School Changes Sexual Consent Policy
The University of Mary Washington recently changed the sexual misconduct policy to include affirmative consent, the right of appeal for both the victim and the accused and a better outline of the standard of evidence.
Changes in the sexual misconduct policy were made to better protect victims of misconduct and to bring UMW into compliance with federal law.
According to Leah Cox, special assistant for diversity and inclusion, “The Office of Civil Rights under the Department of Education came out with new guidelines for all colleges and universities that need to be implemented. These guidelines work to insure the safety of all of our constituents on our campuses.”
Cox was actively involved in the revision of the sexual misconduct policy.
“I was involved with making the changes to the policy, working with the Attorney General’s office and presenting them to the Board of Visitors for approval,” she said.
One of the most noticeable changes in the policy was requiring affirmative consent.
“Affirmative consent needed to be actively written in to the policy. This policy explicitly states that silence does not equal consent,” said Jessi Bell, a senior at UMW and a member of Feminists United on Campus.
Chris Kilmartin, professor of psychology, and author of various books dealing with men’s issues, prevention of gender-based violence and sexual harassment, said, “Affirmative consent doesn’t mandate verbal consent, but it highly recommends it.”
According to Kilmartin, many violators of the sexual misconduct policy do not think they committed any sort of violation by not asking for consent from their partner for sexual interactions such as kissing, fondling and other sexual gestures. They often times think that silence does mean yes.
However, UMW’s policy explicitly states that silence does not mean yes.
“Research indicates that 39 percent of sexual assault victims show an ‘immobility response.’ When people encounter surprising and traumatic situations, sometimes they “freeze up” and find it difficult to do much of anything,” said Kilmartin. “Not saying no is often part of that reaction, and it is the responsibility of the person initiating the sexual behavior to make sure that he/she has the consent of the other person.”
Kilmartin further mentions that many violators of this policy would rather assume their partner’s consent than actually asking for it.
“Sexual communication is a set of skills. You have to invest time in it. We invest time and energy in learning a skill when we value the outcome. If it is important to you that you have consent, you will learn how to appropriately ask for it,” said Kilmartin.
There was also a change in the right of appeal for both the victim and the respondent. In the previous policy, the respondent was the only one who had the right to appeal.
Kilmartin commented on the previous policy’s rights of appeal by saying, “That isn’t right because obligations to complainant and respondent are equal.”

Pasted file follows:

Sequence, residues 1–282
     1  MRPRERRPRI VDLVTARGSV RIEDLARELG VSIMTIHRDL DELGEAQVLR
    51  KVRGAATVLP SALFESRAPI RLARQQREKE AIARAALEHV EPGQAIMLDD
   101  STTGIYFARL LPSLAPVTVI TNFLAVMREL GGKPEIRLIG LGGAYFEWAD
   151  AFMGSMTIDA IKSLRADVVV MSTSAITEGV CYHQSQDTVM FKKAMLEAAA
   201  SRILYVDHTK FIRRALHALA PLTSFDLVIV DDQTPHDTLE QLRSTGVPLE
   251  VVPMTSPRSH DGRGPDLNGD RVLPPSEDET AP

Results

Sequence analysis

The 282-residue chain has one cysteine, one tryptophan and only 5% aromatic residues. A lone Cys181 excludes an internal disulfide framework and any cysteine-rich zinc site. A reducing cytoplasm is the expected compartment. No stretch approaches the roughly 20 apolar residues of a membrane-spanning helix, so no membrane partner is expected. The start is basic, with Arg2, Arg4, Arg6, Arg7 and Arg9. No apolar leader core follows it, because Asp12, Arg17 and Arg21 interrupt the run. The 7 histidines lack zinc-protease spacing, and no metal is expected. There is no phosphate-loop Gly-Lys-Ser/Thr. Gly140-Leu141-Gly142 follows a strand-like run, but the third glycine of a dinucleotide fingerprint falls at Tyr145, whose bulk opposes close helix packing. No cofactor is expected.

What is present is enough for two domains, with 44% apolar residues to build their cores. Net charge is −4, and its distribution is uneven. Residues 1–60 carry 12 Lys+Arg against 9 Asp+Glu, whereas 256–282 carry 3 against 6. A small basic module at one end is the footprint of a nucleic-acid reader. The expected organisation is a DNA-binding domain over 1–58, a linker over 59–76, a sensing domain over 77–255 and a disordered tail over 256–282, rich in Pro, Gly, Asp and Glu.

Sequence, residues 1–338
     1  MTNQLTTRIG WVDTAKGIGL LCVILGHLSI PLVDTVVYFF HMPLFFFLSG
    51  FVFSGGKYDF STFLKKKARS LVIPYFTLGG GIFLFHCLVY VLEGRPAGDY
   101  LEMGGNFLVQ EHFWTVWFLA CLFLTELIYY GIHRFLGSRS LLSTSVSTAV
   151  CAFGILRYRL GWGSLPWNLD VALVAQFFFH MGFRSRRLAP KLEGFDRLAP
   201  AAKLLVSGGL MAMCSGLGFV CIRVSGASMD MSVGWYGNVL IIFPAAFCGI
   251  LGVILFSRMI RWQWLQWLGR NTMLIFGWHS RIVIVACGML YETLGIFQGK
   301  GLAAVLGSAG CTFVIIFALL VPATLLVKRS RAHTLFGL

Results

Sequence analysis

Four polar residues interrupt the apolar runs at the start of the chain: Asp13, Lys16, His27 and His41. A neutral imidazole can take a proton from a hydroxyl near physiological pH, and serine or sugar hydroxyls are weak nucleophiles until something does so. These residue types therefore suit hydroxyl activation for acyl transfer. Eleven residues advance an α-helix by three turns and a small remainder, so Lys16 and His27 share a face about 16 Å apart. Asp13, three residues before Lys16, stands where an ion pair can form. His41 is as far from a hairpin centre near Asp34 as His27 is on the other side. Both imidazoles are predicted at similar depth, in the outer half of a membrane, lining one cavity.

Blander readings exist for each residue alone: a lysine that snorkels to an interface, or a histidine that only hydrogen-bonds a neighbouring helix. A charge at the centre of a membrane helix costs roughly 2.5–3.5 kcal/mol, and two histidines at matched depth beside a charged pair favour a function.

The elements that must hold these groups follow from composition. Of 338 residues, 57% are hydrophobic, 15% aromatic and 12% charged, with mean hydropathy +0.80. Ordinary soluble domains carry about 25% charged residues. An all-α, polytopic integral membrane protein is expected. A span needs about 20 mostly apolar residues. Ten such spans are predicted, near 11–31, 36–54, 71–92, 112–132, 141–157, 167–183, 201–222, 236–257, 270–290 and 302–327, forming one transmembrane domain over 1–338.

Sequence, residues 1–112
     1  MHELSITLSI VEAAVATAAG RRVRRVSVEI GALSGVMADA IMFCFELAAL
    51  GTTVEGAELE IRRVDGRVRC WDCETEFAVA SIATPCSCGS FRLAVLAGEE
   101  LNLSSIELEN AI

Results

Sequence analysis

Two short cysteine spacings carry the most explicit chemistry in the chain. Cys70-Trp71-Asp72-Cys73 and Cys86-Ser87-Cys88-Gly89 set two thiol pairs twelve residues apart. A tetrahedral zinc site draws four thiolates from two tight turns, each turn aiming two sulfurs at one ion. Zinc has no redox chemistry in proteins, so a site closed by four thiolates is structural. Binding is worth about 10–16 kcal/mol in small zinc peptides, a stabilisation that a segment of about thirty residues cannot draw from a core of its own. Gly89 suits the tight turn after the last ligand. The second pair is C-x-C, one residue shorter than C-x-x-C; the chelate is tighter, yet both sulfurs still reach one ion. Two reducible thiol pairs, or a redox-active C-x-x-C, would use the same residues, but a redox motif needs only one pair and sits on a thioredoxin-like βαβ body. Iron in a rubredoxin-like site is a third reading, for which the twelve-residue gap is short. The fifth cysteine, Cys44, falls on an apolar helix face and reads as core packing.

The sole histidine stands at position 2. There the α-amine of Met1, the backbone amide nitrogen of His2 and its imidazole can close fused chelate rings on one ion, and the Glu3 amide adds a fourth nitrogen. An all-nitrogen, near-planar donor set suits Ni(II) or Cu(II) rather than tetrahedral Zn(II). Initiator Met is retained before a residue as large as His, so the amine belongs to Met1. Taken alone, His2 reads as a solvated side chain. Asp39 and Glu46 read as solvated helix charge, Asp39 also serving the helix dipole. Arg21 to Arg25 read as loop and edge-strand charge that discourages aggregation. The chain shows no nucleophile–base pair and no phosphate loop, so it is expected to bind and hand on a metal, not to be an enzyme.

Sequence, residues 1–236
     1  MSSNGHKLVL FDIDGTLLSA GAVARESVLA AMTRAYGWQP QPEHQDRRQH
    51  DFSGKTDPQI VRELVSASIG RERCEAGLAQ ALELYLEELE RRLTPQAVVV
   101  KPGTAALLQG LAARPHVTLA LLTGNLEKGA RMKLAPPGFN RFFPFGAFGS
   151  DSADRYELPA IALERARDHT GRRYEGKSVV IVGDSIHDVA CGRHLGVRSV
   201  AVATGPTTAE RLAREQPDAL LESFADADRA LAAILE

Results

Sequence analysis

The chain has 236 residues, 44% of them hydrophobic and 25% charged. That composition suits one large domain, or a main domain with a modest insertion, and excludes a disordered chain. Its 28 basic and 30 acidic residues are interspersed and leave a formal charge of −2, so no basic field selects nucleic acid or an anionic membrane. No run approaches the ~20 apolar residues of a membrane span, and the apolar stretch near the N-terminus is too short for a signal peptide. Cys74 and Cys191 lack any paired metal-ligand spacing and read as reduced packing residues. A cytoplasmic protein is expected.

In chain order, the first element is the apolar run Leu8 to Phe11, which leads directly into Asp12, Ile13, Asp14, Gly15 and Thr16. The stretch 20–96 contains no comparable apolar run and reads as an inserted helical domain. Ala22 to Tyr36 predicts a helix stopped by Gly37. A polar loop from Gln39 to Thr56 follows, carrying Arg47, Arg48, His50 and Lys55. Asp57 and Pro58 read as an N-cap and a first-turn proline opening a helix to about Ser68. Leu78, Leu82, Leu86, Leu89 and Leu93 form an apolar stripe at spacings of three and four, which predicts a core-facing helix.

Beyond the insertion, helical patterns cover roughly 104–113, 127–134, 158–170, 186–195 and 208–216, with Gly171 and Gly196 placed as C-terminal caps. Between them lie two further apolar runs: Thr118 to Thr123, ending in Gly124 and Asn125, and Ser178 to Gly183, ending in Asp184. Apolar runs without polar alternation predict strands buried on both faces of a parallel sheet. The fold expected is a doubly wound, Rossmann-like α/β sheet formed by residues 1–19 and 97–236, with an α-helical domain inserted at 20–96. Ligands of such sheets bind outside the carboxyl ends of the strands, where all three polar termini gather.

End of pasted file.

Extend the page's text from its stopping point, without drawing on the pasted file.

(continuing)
An additional change is that the new policy explicitly states the standard of evidence used. The standard used is preponderance of evidence, which means the Board or Administrator needs to be 51 percent sure that the respondent violated the policy in order to find them guilty of a violation, further guaranteeing equal rights for the respondent and the complainant.
UMW students, such as Bell and others, in attempt to positively revise the sexual misconduct policy, made a petition. The petition was useful in both raising awareness about the issues of sexual assault on college campuses, specifically UMW’s campus, and making a change for the better.
Since many students don’t think of sexual assault as an issue until it becomes personal to them.
“The petition was really an effort to get students aware of the changes in the policy and aware of the issue at our school. We decided to do the petition on RAINN Day (Rape, Abuse, and Incest National Network) to help raise awareness for the issue as a whole,” said Bell.
When violations of the Sexual Misconduct Policy come up in the future, Bell said, “I feel totally confident in Dr. Tuttle and Judicial Affairs to take every type of inappropriate sexual behavior seriously.”
In addition to revising the sexual misconduct policy, Kilmartin believes it would be beneficial to educate students about what consent means, and how to ask for it. He concluded with saying that most people want consent and getting this consent is extremely important in obtaining a healthy relationship with someone.
Cox agreed with this statement, and stated, “Hopefully the more we educate our campus the more we can change inappropriate behaviors and the cycles of violence.”
Many positive changes have been made to the policy, as Cox said, “I am happy to see that we do not have to wait for charges to be brought to investigate alleged assault or sexual misconduct on the campus. To have the ability to move forward to make sure this is a safe environment. It is also nice to know that we (human resources, judicial affairs, campus police) are now in sync with one another and we can better coordinate services across the campus.”